I feel like I’m caught in a pandora’s box with these types of music. I enjoy both types, yet I also do not want to go around the Church’s teachings and do what makes me happy. Once again a tough topic for some, especially for the younger generations. Therefore, should we change with the times by adjusting our way of thinking, which is still correct but different, or should we reaffirm the older, pre-Vatican II ways of life?

Almost forgot! Today is the feast day of my favorite saint, St. Dominic. Here is a good quote by him.
"A man who governs his passions is master of his world. We must either command them or be enslaved by them. It is better to be a hammer than an anvil."


Deacon Bill Burns said...

I like contemporary Christian musi a lot, but I don't think it's suitable or the Mass. For prayer meetings, youth groups, and the like, I see no problem with it. However, the Mass is a different experience and has a different focus.

I find that contemporary choirs (either fold or of the Lifeteen type) turn the Mass into a performance. People who serve in such liurgies need to see their contribution as a service to God, but I've seen a few too many who use it for their own glorification.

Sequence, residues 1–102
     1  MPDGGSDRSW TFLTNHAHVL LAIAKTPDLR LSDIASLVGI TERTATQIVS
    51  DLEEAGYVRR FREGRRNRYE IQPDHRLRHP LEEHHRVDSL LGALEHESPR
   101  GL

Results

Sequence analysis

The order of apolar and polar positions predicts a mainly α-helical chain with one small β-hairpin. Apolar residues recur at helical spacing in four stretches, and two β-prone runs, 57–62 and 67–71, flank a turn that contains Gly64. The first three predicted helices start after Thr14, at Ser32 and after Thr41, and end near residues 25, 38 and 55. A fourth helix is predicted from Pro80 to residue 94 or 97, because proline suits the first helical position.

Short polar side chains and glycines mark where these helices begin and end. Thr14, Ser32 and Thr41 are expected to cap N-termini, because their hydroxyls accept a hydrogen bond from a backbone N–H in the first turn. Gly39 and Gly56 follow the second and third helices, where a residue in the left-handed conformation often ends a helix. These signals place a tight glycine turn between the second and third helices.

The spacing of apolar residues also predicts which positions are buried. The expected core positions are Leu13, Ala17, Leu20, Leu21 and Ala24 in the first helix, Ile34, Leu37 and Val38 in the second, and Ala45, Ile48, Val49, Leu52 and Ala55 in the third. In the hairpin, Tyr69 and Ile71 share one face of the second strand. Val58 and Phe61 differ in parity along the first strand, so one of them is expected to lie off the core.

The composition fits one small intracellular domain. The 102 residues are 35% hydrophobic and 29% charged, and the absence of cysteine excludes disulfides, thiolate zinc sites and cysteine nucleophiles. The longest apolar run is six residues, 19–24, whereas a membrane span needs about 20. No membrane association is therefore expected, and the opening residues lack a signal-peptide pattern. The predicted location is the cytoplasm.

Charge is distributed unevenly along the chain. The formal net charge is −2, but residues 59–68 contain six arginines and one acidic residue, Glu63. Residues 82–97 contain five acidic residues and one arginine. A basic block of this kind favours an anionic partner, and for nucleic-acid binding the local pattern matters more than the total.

Cathy said...
This comment has been removed by the author.
Cathy said...

An excellent, heartfelt post.
Your genuine concern really comes through.

I can only offer you what I believe, which echoes what the previous commenter said.
Turning the Mass into a performance, making the focus on us instead of Christ, truly present, is a sacrilege.
Throwing one's hands into the air and shouting and dancing is a protestant way of worshiping. It's not wrong for them, but it's certainly wrong for us.